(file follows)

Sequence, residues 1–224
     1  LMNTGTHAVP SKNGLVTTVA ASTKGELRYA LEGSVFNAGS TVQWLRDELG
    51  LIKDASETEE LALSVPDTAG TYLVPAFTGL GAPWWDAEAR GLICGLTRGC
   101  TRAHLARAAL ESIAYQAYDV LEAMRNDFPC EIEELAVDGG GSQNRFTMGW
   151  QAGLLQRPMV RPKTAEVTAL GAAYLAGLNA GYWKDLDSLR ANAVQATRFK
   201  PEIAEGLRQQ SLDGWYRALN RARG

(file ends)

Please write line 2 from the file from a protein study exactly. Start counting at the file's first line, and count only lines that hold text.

     1  LMNTGTHAVP SKNGLVTTVA ASTKGELRYA LEGSVFNAGS TVQWLRDELG